Hatchling sea turtles smaller than the palm of my hand, and cute enough to warm even the stormiest of hearts, tumble onto the beach.
A line is drawn in the sand to keep spectators at a distance, and the hatchlings scurry down the beach attracted to the ocean by the light of the setting sun.
These tiny turtles are protected from the natural predators of land by our presence and poachers through our nightly turtle walks and eggs collection.
Yet, even with our protection, the onset of a sea turtles life is fraught with obstacles and dangers.
The short stretch of beach leading to the sea is difficult to navigate, footprints present themselves like craters to the hatchling, some of whom must momentarily rest before they struggle up what must be a mighty staircase to their small selves.
Once reaching the water their weight will reduce and the physical struggles of a creature made for the sea moving on land will diminish, but the danger of the ocean and its predators increases– so much so that only 1 in 1000 hatchling turtles will reach sexual maturity.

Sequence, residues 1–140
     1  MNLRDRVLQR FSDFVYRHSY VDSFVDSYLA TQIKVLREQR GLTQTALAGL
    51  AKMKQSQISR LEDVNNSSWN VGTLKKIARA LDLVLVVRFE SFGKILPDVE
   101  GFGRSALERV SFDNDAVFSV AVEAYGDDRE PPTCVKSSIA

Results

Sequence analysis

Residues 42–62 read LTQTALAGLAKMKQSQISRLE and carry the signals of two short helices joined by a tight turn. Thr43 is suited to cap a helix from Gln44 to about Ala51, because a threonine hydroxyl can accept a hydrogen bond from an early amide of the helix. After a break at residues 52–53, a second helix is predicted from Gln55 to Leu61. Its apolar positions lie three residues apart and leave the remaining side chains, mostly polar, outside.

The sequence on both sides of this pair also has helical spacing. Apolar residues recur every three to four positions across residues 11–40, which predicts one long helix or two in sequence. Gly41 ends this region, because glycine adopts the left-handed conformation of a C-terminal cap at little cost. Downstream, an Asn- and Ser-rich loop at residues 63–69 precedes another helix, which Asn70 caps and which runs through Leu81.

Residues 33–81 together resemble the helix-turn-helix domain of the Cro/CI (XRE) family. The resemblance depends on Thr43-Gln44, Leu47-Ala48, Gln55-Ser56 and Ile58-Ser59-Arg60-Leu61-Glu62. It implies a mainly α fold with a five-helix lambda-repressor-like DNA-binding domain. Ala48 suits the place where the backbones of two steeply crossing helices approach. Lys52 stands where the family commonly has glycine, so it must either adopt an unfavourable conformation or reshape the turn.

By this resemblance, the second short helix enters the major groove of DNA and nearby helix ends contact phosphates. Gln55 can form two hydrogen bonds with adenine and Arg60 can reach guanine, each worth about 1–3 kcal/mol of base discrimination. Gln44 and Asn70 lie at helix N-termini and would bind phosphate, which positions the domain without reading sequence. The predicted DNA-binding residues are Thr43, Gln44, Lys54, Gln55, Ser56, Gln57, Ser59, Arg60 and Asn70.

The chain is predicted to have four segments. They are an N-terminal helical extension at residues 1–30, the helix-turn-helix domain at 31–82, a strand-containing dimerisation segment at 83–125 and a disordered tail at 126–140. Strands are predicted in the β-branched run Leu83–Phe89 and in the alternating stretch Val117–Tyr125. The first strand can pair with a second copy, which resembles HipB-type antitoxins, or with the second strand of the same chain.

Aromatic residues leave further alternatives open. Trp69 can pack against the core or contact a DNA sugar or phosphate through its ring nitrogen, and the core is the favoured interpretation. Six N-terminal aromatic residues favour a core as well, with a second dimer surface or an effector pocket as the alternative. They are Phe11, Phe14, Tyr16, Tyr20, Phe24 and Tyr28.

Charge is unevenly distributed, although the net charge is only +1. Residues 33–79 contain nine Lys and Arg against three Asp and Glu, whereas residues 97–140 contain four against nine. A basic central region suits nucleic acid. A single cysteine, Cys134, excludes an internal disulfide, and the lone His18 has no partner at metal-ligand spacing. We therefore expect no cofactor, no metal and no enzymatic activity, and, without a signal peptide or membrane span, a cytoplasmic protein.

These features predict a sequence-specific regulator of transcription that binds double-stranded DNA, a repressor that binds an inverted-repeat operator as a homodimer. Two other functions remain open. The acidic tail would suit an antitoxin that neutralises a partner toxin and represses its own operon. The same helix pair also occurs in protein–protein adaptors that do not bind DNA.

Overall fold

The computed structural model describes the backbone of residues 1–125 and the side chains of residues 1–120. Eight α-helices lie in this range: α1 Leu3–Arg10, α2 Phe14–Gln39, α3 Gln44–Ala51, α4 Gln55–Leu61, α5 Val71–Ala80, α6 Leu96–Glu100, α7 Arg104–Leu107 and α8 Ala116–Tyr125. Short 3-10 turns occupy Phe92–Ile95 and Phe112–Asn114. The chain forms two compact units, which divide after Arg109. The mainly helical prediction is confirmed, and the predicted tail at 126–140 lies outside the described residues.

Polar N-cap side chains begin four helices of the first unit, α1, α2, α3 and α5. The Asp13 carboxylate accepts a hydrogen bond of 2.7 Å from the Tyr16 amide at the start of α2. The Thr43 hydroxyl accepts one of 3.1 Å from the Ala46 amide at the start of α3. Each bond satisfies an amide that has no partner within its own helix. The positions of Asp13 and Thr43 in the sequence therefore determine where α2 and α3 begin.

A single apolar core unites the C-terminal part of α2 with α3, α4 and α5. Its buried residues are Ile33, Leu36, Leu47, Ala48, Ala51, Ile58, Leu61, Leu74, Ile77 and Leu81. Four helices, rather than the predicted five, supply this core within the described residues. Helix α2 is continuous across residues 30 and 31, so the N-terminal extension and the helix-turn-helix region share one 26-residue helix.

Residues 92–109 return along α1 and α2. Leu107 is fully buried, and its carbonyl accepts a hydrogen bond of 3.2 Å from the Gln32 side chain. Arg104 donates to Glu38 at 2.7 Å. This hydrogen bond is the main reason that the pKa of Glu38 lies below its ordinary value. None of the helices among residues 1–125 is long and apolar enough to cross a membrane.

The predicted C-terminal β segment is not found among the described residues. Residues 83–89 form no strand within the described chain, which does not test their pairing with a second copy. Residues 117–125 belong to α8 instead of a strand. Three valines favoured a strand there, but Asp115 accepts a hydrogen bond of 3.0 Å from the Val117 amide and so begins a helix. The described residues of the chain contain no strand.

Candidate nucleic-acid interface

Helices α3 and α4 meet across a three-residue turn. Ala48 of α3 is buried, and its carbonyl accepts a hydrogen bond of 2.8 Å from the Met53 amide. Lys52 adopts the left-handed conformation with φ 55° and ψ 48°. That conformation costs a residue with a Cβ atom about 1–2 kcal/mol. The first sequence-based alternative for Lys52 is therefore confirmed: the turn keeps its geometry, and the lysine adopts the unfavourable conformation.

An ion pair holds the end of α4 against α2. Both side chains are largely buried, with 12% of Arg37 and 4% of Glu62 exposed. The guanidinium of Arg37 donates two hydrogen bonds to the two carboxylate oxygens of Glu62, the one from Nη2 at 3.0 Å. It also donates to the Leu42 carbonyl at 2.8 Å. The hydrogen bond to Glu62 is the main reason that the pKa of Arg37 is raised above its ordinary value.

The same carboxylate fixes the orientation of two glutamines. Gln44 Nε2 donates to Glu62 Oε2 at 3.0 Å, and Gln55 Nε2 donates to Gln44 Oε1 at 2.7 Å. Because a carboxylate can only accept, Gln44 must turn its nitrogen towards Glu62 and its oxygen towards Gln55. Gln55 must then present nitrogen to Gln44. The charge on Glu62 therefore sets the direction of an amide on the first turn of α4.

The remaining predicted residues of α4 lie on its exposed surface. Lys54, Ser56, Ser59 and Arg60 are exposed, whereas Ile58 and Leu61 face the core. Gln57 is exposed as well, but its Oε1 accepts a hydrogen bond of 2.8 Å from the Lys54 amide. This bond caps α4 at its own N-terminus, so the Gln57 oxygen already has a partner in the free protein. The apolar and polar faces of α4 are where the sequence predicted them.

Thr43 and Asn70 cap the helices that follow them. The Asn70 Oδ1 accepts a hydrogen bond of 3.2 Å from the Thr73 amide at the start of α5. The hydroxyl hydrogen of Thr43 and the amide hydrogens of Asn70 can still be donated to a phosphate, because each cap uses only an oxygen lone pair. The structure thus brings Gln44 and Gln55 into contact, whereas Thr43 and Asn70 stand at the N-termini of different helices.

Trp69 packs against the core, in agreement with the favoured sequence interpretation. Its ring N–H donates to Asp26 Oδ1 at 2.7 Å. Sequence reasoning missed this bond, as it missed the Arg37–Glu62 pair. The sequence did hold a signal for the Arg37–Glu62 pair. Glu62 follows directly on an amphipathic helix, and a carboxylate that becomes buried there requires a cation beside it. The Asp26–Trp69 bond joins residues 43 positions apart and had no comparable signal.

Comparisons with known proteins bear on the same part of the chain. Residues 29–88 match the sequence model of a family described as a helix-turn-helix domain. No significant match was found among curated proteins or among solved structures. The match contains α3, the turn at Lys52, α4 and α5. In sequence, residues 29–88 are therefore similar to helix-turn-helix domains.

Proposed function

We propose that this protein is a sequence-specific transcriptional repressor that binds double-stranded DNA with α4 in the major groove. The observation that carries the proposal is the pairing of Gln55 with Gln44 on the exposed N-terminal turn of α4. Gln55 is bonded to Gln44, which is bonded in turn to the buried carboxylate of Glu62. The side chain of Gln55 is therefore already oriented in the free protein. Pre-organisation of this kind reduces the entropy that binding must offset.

Just offshore ocean predators wait, even from the beach a barracuda is seen lurking in the shallows.
The first task of a hatchling sea turtle is to find a raft of seaweed, which will provide a degree of shelter from harsh ocean conditions, and under which it can hide from predators.
This refuge-giving raft also provides the fresh hatchlings a chance to rest and makes it easier for the little turtle to reach the oxygen it needs above the surface of the ocean.
If it finds enough cover and has enough luck, baby sea turtles will float with the current in their seaweed raft feeding on smaller crustaceans and fish until the age of 5 or 6 and it is big enough to handle the open ocean.
However, even at this adolescent stage the turtles are still small, roughly the size of a dinner plate, and subject to much predation.
But if they survive the odds, Sea Turtles instinctively return to the beach on which they hatched when they reach sexual maturity at 35.
Labels: Turtle island park